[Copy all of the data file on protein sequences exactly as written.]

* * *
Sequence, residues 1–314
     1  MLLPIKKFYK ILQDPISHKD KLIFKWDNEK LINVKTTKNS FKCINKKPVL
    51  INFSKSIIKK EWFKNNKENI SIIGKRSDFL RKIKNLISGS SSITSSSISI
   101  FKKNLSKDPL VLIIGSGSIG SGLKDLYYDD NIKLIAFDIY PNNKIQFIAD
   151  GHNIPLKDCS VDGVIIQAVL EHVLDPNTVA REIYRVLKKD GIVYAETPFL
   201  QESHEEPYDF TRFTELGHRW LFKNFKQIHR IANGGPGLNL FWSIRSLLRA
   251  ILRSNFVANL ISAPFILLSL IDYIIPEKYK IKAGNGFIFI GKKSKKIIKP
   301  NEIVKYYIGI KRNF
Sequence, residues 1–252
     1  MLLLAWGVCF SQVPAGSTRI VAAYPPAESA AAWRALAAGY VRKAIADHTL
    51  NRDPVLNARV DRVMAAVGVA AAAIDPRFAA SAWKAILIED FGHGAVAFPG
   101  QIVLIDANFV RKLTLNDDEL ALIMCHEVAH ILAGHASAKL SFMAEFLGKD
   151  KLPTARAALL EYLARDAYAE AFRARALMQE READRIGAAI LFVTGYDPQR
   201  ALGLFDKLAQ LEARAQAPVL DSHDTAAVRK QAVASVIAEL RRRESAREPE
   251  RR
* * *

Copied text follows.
Sequence, residues 1–314
     1  MLLPIKKFYK ILQDPISHKD KLIFKWDNEK LINVKTTKNS FKCINKKPVL
    51  INFSKSIIKK EWFKNNKENI SIIGKRSDFL RKIKNLISGS SSITSSSISI
   101  FKKNLSKDPL VLIIGSGSIG SGLKDLYYDD NIKLIAFDIY PNNKIQFIAD
   151  GHNIPLKDCS VDGVIIQAVL EHVLDPNTVA REIYRVLKKD GIVYAETPFL
   201  QESHEEPYDF TRFTELGHRW LFKNFKQIHR IANGGPGLNL FWSIRSLLRA
   251  ILRSNFVANL ISAPFILLSL IDYIIPEKYK IKAGNGFIFI GKKSKKIIKP
   301  NEIVKYYIGI KRNF
Sequence, residues 1–252
     1  MLLLAWGVCF SQVPAGSTRI VAAYPPAESA AAWRALAAGY VRKAIADHTL
    51  NRDPVLNARV DRVMAAVGVA AAAIDPRFAA SAWKAILIED FGHGAVAFPG
   101  QIVLIDANFV RKLTLNDDEL ALIMCHEVAH ILAGHASAKL SFMAEFLGKD
   151  KLPTARAALL EYLARDAYAE AFRARALMQE READRIGAAI LFVTGYDPQR
   201  ALGLFDKLAQ LEARAQAPVL DSHDTAAVRK QAVASVIAEL RRRESAREPE
   251  RR